Formal education has whored itself to this gold rush.
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The book really hits its stride by midway, so if I were to read it again I'd start at that point. Is it worth your time? If the future of "no-jobs" interests you, then yes. The author makes compelling arguments why we need to question our benevolent hopes in futurism. Most of the profits end up in the hands of the few, while university graduates are increasingly compelled to dumb down their job prospects. If the future keeps at this pace, things might get affordable for all, but nobody will have any money to pay for anything.

The author is a compelling speaker and the second half of his book maintains that standard.
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Everybody should read this book, as it describes the current trends that can lead to a catastrophic future. It is honest straight forward and backed up by the author's personal investigations. For example, did you know there is now a new class of workers called the precariate, who are treated almost like machines and are always on the verge of being replaced by machines. Will there be jobs in the future or will all work be replaced by computers and robots? Will the jobs be dumbed down to such an extent that what is left for jobs will be minimum wage or worse? It seems the trends are all in the wrong direction. There is nothing sugar coated in this book. However, the author does attempt to prepare the reader for what may come and refreshingly refers to the work of Victor Frankel who survived the concentration camps and helps us to understand how to maintain our humanity in the face of great adversity.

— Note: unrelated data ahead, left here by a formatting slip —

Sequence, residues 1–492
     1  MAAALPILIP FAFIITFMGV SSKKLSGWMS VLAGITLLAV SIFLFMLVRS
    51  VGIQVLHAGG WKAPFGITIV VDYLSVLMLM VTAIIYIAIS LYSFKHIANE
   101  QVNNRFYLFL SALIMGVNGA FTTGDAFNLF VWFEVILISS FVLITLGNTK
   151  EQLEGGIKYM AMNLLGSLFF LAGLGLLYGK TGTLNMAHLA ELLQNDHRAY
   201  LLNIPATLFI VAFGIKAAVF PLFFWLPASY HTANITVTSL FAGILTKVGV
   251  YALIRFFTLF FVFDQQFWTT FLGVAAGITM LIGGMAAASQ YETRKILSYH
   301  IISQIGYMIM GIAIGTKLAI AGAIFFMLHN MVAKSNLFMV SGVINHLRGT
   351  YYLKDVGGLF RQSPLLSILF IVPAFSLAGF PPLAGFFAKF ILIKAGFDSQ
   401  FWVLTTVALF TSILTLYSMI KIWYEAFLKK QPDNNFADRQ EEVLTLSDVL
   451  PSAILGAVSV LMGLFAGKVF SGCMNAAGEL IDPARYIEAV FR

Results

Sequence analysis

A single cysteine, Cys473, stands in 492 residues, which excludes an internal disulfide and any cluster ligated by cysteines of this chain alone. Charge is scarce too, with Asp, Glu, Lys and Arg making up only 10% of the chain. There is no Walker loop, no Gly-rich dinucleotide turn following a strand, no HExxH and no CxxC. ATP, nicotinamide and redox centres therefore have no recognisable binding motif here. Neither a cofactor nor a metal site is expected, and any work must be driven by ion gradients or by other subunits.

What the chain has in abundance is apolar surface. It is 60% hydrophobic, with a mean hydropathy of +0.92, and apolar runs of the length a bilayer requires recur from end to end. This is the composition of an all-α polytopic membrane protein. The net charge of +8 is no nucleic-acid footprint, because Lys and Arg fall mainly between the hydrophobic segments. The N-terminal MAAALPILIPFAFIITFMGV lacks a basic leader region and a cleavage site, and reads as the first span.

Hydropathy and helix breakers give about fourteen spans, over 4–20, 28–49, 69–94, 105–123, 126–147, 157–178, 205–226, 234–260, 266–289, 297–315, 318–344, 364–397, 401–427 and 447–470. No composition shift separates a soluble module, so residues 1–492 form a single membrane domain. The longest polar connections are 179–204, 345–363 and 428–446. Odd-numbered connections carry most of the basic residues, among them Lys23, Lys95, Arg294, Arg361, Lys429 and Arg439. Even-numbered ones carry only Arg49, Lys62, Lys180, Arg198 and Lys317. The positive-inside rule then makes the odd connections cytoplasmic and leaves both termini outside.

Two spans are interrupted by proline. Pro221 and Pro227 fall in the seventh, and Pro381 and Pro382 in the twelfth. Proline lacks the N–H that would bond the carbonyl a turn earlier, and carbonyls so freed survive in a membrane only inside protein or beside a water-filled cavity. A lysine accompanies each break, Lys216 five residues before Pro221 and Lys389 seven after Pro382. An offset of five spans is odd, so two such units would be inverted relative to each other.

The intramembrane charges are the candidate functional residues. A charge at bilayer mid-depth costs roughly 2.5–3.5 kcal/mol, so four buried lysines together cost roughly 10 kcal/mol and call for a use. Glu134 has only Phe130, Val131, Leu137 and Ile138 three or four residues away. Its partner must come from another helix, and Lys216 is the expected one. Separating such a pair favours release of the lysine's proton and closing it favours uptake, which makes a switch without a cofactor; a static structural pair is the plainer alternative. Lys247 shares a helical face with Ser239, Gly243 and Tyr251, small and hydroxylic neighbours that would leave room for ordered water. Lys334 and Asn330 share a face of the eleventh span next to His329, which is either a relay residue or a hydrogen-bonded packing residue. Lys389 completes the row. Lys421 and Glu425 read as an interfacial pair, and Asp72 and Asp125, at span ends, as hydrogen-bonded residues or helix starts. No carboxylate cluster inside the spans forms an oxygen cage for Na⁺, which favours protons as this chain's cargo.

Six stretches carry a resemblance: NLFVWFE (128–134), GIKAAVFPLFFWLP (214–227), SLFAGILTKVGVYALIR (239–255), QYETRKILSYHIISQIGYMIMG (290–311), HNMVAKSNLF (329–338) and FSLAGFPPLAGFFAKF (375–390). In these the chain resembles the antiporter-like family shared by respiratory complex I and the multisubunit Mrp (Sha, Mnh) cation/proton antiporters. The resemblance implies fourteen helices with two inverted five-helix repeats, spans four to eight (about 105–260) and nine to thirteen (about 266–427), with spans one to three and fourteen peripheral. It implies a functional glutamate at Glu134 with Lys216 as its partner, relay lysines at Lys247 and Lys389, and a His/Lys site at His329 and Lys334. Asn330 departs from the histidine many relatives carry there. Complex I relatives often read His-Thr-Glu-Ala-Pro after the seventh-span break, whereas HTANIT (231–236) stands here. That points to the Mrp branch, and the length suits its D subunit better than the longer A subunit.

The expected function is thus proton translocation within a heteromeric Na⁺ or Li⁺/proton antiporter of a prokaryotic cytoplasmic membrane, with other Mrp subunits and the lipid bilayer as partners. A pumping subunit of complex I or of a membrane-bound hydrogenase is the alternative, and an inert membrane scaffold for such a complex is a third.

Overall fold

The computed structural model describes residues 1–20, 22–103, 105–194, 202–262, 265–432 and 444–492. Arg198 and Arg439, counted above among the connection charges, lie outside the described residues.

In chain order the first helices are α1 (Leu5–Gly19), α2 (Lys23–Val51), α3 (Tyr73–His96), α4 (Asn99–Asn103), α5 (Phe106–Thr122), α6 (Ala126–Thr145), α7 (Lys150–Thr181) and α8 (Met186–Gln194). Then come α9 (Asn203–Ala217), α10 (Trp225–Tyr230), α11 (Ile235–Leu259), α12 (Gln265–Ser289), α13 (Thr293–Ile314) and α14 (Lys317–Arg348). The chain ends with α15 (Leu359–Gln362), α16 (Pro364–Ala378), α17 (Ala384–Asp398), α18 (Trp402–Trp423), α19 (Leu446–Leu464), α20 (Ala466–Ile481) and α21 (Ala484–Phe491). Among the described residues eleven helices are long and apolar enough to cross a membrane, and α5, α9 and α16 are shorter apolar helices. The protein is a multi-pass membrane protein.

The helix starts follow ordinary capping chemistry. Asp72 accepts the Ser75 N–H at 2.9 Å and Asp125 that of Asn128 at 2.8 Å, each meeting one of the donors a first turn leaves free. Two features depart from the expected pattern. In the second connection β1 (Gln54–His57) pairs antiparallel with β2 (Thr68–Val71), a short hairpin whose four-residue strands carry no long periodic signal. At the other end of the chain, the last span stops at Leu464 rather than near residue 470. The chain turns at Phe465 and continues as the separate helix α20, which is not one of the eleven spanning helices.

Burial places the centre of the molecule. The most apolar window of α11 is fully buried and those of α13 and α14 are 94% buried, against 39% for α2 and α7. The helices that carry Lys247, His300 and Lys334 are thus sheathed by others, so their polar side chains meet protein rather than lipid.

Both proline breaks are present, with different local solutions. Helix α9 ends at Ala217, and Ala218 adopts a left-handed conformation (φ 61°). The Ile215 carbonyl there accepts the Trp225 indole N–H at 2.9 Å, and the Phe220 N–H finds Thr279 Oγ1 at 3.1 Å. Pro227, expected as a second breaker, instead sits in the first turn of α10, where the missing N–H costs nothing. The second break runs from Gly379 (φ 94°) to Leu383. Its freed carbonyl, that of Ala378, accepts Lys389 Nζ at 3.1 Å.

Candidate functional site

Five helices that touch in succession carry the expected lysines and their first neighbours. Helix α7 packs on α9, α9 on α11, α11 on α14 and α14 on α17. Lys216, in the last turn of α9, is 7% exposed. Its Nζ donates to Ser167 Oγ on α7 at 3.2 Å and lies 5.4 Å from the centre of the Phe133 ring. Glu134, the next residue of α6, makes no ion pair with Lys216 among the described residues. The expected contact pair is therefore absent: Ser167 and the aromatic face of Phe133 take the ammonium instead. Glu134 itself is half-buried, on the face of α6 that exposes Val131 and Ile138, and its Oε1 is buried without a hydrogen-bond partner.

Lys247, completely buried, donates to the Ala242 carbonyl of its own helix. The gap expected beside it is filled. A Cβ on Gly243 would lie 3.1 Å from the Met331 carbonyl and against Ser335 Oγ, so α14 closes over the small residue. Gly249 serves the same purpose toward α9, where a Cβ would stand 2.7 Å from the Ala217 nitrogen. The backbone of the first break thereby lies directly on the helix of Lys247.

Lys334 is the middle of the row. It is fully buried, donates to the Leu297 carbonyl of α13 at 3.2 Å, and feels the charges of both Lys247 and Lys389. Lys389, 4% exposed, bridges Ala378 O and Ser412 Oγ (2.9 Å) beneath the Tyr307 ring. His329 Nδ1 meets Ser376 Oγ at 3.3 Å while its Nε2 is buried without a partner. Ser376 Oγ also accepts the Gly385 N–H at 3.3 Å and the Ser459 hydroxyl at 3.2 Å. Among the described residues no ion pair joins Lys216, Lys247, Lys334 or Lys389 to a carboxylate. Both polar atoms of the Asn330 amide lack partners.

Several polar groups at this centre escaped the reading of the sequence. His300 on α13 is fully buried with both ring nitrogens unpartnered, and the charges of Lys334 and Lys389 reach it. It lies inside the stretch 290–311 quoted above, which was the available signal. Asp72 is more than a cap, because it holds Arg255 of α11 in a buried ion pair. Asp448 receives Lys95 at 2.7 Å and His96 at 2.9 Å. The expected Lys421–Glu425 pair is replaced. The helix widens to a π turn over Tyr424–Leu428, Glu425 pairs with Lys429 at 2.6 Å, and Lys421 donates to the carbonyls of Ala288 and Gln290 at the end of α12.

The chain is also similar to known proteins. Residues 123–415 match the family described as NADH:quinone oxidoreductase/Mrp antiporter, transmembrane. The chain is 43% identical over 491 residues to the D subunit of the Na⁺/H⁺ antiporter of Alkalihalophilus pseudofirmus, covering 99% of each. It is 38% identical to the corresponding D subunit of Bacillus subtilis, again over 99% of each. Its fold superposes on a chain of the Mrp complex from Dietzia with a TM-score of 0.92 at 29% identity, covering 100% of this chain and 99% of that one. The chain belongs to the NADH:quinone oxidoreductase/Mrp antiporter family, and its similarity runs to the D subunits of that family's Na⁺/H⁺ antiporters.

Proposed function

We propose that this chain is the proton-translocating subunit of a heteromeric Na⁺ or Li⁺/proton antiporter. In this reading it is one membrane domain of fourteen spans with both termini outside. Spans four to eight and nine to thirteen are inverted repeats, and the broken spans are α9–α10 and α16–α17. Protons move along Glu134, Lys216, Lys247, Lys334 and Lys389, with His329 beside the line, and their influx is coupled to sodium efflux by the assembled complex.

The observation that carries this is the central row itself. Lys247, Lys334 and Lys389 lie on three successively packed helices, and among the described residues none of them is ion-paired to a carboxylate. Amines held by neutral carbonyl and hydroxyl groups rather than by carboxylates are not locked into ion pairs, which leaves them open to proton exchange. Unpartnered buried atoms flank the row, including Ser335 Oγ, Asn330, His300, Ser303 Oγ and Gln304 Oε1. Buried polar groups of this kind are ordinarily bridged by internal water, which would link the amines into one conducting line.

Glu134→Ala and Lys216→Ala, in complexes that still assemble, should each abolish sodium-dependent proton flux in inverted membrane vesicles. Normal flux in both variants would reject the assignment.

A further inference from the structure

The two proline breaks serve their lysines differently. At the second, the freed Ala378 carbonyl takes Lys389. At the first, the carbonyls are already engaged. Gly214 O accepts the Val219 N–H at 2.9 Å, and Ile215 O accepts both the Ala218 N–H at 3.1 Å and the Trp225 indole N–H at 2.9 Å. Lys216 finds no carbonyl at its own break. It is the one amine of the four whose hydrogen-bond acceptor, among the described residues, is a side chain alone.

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Format: Paperback
Very interesting and especially relevant for those in the tech industry or planning to join it. Interesting perspectives on the startup craze and the focus on the future.